‘Side Man’ at American Blues Theater: Honey pours from a trumpet, bile from a bitter wife
Review: “Side Man” by Warren Leight, produced by American Blues Theater at Greenhouse Theater Center, through May 24. ★★★★★
By Lawrence B. Johnson
Everything that is so remarkable, so rich and treasurable, about Chicago’s far-flung storefront theater scene is embodied in American Blues Theater’s resonant and poignant production of Warren Leight’s “Side Man.” It’s a show well worth adjusting the calendar to catch, but it runs only until May 24 and will not be extended.
“Side Man,” set in New York City, is the story of a jazz trumpeter, Gene, whose world begins and ends with his horn. The play won the 1998 Tony Award for Leight, the son of a jazz trumpeter who grew up in that milieu and clearly gets its pulse and texture. Gene’s neglected wife Terry, long since withdrawn into the solace of alcohol, is looked after by the couple’s young son Clifford, who – much like Tom in Tennessee Williams’ “The Glass Menagerie” – now recalls that distant time, those growing-up years of pain and bewilderment and singularity.
American Blues’ eloquent perspective on the play, directed by Jonathan Berry, exemplifies tight, smart ensemble acting. While it’s the tale of a man, his obsessive commitment to his art and the resulting alienation of his family, it’s also a snapshot of the end of an era – the peaking out and incipient decline of jazz in the years after World War II and the eventual pop music watershed that was the advent of Elvis Presley.
The scenes swing (and crash) back and forth between Clifford’s boyhood home and the bar where Gene and his coterie of fellow jazz musicians ply their trade. (Sarah E. Ross’ efficient, adaptable set evokes Gene’s improvisatory lifestyle and allows for fluid transitions.) A side man, in jazz parlance, is a versatile musician who can sit in with a group and play support or step up as a soloist as the situation requires. In the heyday of jazz, a good side man could write his own ticket.
So it is with Gene, played with almost Zen-like luminosity by Michael Ehlers. He has a wife and son, but he doesn’t really see them. His eyes and heart, and certainly his lips, belong to the three guys who perform with him, breathe with him, comprehend him in the most profound and connective way. And those musketeers are three more just like Gene: jazz musicians who live for their music.
There’s Ziggy (Ed Kross), whose speech is embroidered by a mouthful of lisp; Al (John Gawlik), a rock who’s always on board with the guys; and Jonesy (Joe Foust), the heroin addict with a hip spirit and a droll sense of humor to match. Jonesy may be the most fascinating character in view, and Foust’s earthy, muttering, wry performance all but steals the show.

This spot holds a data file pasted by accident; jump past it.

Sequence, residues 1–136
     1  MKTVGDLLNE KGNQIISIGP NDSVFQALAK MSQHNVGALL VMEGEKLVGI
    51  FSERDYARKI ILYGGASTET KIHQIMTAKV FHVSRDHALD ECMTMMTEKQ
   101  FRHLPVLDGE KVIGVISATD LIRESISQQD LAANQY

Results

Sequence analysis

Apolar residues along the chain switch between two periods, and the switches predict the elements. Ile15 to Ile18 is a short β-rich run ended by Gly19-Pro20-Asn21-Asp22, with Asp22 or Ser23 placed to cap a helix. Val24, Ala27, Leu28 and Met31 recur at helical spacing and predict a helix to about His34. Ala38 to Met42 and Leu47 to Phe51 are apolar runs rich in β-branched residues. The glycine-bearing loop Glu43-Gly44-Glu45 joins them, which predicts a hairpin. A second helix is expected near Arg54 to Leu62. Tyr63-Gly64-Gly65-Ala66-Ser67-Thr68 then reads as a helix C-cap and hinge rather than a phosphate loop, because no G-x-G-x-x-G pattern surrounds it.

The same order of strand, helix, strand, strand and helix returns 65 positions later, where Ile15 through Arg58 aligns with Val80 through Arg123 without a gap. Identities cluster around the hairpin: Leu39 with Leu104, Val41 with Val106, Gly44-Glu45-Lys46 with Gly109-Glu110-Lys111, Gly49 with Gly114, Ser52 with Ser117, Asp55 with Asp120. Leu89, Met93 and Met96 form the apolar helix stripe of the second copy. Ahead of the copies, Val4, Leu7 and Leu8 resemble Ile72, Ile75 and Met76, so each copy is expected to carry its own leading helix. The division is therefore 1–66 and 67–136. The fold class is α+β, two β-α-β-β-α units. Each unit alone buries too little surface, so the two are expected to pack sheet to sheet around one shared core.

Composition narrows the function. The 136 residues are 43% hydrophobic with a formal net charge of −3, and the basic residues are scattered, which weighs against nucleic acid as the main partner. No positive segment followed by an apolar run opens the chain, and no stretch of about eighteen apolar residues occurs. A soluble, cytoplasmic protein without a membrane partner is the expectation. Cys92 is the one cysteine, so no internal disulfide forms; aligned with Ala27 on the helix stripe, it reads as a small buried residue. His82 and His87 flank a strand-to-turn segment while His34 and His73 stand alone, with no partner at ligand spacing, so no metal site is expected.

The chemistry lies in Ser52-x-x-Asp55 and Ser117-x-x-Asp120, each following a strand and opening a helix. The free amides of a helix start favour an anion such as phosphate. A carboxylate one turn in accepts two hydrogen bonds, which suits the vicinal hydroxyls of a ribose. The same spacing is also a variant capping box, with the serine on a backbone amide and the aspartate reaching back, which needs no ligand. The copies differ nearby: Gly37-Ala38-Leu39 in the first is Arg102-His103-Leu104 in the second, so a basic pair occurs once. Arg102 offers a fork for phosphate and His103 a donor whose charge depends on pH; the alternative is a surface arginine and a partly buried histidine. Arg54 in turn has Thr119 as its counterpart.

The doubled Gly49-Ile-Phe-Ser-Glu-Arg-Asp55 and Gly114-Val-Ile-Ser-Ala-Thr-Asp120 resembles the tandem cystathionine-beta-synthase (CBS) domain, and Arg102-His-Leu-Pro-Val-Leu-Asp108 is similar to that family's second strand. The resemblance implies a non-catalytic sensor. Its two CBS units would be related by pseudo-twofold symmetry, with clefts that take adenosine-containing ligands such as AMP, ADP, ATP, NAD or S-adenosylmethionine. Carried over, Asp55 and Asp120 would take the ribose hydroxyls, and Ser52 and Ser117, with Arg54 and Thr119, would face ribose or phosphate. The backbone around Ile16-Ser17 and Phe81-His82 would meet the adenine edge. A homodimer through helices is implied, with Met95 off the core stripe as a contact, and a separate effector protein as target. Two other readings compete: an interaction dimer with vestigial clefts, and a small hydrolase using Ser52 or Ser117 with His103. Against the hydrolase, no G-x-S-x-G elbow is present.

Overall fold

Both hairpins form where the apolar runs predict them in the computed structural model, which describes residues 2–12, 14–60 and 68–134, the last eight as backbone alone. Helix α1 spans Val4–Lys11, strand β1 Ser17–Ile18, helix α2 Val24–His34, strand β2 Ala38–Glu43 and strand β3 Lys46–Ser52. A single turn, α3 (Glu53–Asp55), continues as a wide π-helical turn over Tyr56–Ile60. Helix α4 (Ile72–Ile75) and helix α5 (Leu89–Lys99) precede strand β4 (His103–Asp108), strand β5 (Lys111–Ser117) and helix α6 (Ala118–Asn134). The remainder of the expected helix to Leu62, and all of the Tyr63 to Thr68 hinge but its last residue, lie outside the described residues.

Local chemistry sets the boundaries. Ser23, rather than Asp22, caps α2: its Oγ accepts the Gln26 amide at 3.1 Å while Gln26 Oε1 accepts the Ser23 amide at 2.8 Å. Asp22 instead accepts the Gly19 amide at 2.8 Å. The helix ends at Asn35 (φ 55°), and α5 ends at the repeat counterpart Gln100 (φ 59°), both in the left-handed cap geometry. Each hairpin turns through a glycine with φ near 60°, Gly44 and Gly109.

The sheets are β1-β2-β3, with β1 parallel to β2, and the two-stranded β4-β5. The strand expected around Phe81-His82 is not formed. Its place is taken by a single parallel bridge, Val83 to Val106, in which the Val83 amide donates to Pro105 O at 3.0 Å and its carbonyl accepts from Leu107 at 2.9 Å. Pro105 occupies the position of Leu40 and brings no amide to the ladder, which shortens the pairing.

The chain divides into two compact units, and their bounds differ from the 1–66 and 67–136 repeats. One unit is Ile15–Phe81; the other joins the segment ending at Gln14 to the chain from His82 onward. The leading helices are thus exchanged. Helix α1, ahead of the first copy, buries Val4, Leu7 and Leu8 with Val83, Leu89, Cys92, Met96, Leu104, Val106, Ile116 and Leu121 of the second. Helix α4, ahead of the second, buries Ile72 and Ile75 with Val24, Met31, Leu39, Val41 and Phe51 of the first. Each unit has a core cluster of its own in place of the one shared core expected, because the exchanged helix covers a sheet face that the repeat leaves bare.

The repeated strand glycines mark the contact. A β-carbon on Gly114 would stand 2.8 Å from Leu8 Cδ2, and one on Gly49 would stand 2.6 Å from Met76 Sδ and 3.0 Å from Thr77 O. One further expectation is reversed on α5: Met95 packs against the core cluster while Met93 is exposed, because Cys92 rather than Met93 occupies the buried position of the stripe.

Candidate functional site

Gail Rastorfer brings charm, insight and a sense of period style to the mix as Patsy, a combination waitress and mother hen at the bar where the guys usually play.
Gene’s pals are good musicians, but we quickly grasp what they know and accept, that Gene is something else, gifted in a way that they are not. When Gene launches into a ballad, the room stops. Gene knows he’s exceptional, but that’s not where his head is. It’s not about being the best; it’s about a state of being, of grace –the perfect union of man and horn. Summoning that beautiful sound is what defines Gene, soul and substance.
Just ask his wife Terry (Kate Buddeke in a heartbreakingly graphic portrait of wretchedness). Gene surely falls somewhere along the Asperger’s scale. When furious Terry dumps his trumpet from its case onto the floor, he gasps, scoops up the instrument and cuddles it against his body. He’s incredulous, mortified, but he doesn’t get mad. If Gene’s trumpet is OK, he’s OK.
We catch the flashback when Gene and Terry meet at music school. He overhears her practicing on her flute, mangling a tune from Debussy’s “Prelude to the Afternoon of a Faun.” Gene, in the next room, picks up the tune, which he’s never heard, and instantly transmutes it into liquid gold. Terry is smitten. Pretty soon she’s pregnant, and Gene, wanting to do the right thing, marries her.
Which pretty much makes him a polygamist, since he’s already wedded to the trumpet. Terry finds herself in a marriage without a mate in any meaningful sense, a life without Saturday nights. Gene always has a Saturday night gig. Even though the jazz game is slowing down, he’s confident he will always get the Saturday call – and if even once he doesn’t, he tells Terry, that’s the day he’ll put the trumpet away for good. He promises.
Would it matter? Maybe not. Terry is so far gone, so awash in booze. Our narrator Clifford – Gene named his son after the great trumpeter Clifford Brown, whose brilliance was snuffed out in a car crash when he was 25 – remembers in detail Terry’s raging eruptions, incited by Gene’s neglect and fueled by hard drinking. She rants at the 10-year-old boy because he hasn’t restocked her liquor cabinet and tomorrow is Sunday. What’s she supposed to drink?
But then, Gene expresses great surprise when little Clifford reminds him that he’s 10. No! Where did the time go? Somehow, non-judgmental Clifford (Michael Mahler as the benign, even-handed narrator) survives and grows up, taking care of – if also enabling – his besotted mother the whole time. When the play opens, he’s taking leave of her and hoping to see his long-absent dad once more before walking away from it all.
Great horn player, Gene. And Clifford understands and admires that. Terrible husband, hopeless father. Clifford knows all that, too. But he still wants to tell him good-bye. How wonderful and lasting it would be if, just this once, his father really saw him.
- Performance location, dates and times: TheatreinChicago.com